But the sewing machine changed things. History Today notes that by 1862, the vast majority of sewing machines were purchased by garment companies, not individuals. The machines were very expensive for their time, and while there were novel "rent to own" payment plans, you had to have good credit to begin with to take advantage of them. As reported by Stocks Embroidery and Sewing, sewing work that had been done in the home was now moving into factories, where large numbers of sewing machines could be used to vastly increase the rate of production. As a result, many women who had plied this trade privately suddenly became something new for them: Employees.

The sewing machine changed fashion

The sewing machine's incredible efficiency altered the way we dress forever. Prior to a functioning and reliable design for a sewing machine, it took an incredibly long time to make a single garment, which made clothing expensive and often bespoke, as noted by History Today. Most men's clothing was actually made in the home before the rise of the garment industry was made possible by the sewing machine, and according to Stocks Embroidery and Sewing Solutions, the sewing machine meant that all members of a household could suddenly afford to own their own individual outfits.

The sewing machine and the speed at which clothing could be made launched the mass production of garments, which in turn drove style and fashion. As noted by The American Enterprise Institute, the sewing machine made possible increasingly elaborate designs, and allowed for those designs to change constantly because of the speed of production.

One downside to the increasingly ornate nature of clothing — especially women's fashions — was the additional time and attention required to create these complex garments. This reduced the speed benefits of the machine for seamstresses, and women working as seamstresses often found themselves working harder than ever despite having the benefits of a sewing machine.

It led to sweatshops

The sewing machine changed how clothing was made, which meant it affected the lives of women much more powerfully than those of men. But the impact wasn't equal. As noted by History Today, wealthier women who could afford one of these expensive machines (which cost $125, an enormous amount of money at the time, per Time) did find making or repairing clothes for their families much easier, and they could also afford to hire a seamstress to work on the machine in their home to produce fashionable clothing. For women with money, the sewing machine was liberating.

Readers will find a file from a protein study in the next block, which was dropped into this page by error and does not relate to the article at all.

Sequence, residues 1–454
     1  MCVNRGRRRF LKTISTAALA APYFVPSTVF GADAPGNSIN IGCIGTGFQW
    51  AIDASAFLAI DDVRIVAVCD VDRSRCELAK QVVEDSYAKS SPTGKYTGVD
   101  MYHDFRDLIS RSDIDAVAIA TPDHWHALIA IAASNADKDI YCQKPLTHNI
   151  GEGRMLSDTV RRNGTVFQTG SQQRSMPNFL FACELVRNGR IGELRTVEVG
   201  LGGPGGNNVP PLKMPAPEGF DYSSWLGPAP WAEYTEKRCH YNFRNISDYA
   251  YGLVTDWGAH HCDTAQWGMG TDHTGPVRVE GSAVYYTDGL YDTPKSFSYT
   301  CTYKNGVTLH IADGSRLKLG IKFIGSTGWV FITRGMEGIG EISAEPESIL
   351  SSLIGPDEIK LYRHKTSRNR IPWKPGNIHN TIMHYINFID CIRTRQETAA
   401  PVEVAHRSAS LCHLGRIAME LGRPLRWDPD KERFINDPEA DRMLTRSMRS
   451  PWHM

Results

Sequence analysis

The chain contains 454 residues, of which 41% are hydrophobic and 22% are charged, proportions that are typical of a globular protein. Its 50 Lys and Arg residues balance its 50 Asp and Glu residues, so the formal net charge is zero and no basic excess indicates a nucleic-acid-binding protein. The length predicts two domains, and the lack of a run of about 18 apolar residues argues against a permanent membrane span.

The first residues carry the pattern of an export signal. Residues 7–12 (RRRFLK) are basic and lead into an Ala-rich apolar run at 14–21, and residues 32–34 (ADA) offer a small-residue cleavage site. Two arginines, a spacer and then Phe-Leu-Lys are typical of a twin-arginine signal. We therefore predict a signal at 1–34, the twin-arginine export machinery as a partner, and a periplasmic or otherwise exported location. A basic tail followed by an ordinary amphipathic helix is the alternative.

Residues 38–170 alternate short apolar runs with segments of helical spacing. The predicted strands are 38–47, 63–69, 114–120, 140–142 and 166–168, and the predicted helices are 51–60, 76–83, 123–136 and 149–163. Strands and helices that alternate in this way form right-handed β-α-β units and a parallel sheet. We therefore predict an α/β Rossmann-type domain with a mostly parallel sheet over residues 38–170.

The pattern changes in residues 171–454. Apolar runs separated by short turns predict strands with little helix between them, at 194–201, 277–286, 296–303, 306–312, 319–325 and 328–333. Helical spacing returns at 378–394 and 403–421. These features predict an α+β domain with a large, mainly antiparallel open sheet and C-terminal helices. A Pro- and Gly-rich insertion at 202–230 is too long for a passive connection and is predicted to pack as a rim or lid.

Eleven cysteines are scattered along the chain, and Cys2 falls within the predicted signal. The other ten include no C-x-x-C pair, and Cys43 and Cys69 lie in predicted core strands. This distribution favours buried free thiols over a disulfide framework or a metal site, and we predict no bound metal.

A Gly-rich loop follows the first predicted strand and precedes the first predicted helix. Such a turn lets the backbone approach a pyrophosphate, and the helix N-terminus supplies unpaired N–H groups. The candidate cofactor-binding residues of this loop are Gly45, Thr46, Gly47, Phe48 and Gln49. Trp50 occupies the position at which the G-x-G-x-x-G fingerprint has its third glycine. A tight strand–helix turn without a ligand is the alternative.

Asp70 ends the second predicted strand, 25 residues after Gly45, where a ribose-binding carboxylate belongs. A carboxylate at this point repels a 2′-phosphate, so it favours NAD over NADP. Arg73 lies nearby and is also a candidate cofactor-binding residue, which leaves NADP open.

For women of lower economic status, the effect was the opposite. They couldn't afford their own sewing machines, and they often found that, when hired to make clothing on a sewing machine, they were expected to work much faster than before — and for less pay.

Worse, as reported by The Mill Museum, most sewing machines in the mid-19th century were purchased by manufacturers in bulk. They were installed in large warehouses or other buildings, and seamstresses were hired at very low wages to work long hours in unsafe, unhealthy conditions. In other words, the sewing machine led directly to the establishment of what came to be known as "sweatshops." The sewing machine ultimately did nothing for poor working women, aside from shifting their misery from the home to the factory.

The sewing machine's impact went beyond garments

The sewing machine changed how clothes were made, making more elaborate designs and the mass production of clothing possible. It also changed the lives of the people — primarily women — who did the work sewing all those clothes, mostly for the worse.

But the impact of the invention didn't end with garments and labor practices. It had a wide-ranging influence on a whole slew of industries. For example, the sewing machine revolutionized how shoes were made. As noted by Foster's Daily Democrat, prior to the invention of the sewing machine, shoes were very expensive to make by hand and usually required an itinerant shoemaker who would measure feet, cut leather, and sew them by hand.

But according to Farm and Dairy, the mechanization made possible by using a sewing machine to stitch shoes changed everything, and by 1880 had reduced the cost of making a pair of shoes to just 3 cents. The invention brought similar changes to the making of saddles, harnesses, and military uniforms. When the Civil War broke out in 1860, most of the military uniforms in America were imported. Five years later, when the war ended, sewing machines were producing all the uniforms the army needed domestically.